Wisma MAH, Ampang (15 February 2020) – A recent circular from the Joint Management Body of a posh serviced residence in the heart of Kuala Lumpur notifying its owners and residents of a confirmed Covid-19 novel coronavirus case involving an Airbnb guest in the condominium revealed a worrying concern long highlighted by the tourism industry. The lack of registration information, guest services and support, emergency preparedness as well as basic standard operating procedures poses critical risks the country’s crisis management, leaving citizens vulnerable to external threats.
While the Ministry of Health and the Government of Malaysia are doing an excellent job in preventing the spread of the Covid-19 novel coronavirus in Malaysia, the lack of regulations on residential properties turned commercial tourist accommodation leaves local residents both young and old vulnerable to the possibility of infection, not just the Covid-19 but also other transmissible diseases.
“The onus of added maintenance such as cleaning and disinfecting of the properties and its common grounds lies on the joint management bodies, at the cost of every owner and resident, which is unfair. Such home-sharing activities not only puts everyone at risk but also hampers the Government’s effort in managing crises,” Kamaruddin added, stressing on the concerns raised especially during times like this.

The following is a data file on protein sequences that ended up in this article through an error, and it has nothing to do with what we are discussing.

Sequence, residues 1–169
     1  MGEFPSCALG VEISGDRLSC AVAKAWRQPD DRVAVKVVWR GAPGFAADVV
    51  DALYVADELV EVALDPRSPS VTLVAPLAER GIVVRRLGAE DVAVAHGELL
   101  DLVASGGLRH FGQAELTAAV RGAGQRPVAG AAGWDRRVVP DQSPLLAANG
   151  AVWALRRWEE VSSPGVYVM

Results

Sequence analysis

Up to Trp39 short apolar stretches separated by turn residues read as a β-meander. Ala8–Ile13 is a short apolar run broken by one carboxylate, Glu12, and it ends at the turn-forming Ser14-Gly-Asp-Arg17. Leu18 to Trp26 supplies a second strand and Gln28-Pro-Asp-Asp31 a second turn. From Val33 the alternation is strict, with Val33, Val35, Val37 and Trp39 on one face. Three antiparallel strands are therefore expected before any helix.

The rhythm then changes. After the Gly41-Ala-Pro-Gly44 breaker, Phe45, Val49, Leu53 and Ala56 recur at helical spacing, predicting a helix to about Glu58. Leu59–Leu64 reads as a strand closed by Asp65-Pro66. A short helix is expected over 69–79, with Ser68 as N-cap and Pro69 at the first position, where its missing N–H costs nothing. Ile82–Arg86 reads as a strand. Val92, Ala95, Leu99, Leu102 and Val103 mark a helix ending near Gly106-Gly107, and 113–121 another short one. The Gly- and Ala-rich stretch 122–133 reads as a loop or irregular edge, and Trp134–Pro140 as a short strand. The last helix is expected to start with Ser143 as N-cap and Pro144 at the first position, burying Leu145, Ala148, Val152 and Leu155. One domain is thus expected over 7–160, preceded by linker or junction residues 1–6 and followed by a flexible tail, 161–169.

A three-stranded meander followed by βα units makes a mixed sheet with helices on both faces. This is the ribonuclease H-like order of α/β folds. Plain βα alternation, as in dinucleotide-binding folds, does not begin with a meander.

The industry had long urged the Government to regulate and control home-sharing activities, and the regulatory framework drawn up with the Malaysian Productivity Corporation (MPC) last year is said to be ready but have yet to see adoption by policymakers and regulators.
Hoteliers recently appealed to the Government to immediately put a halt to home-sharing, more specifically Airbnb, arguably the most popular platform used for home-sharing. “We also urge Airbnb to do the right thing and suspend all operations immediately to assist
Governments worldwide in containing the Covid-19 novel coronavirus. Human lives are at stake, please set aside profitability and prioritise on keeping people safe,” said Yap Lip Seng, Chief Executive Officer of MAH. He further added that platforms such as Airbnb must set more stringent host criteria on safety, security and health protection of the local community. Most of these platforms do not even
have a local presence in the locations they are operating on, hence no accountability or social and community sense of responsibility. “The Covid-19 outbreak had taught all of us in the tourism industry a valuable lesson, and we hope home-sharing platforms, hosts and operators (such as Airbnb) can be a responsible stakeholder and deliver their part in ensuring a sustainable tourism industry,” Yap said.
These platforms cannot just issue an apology for incidents in homes turned tourist accommodation and walk away, they must be held responsible and liable for ensuing consequences.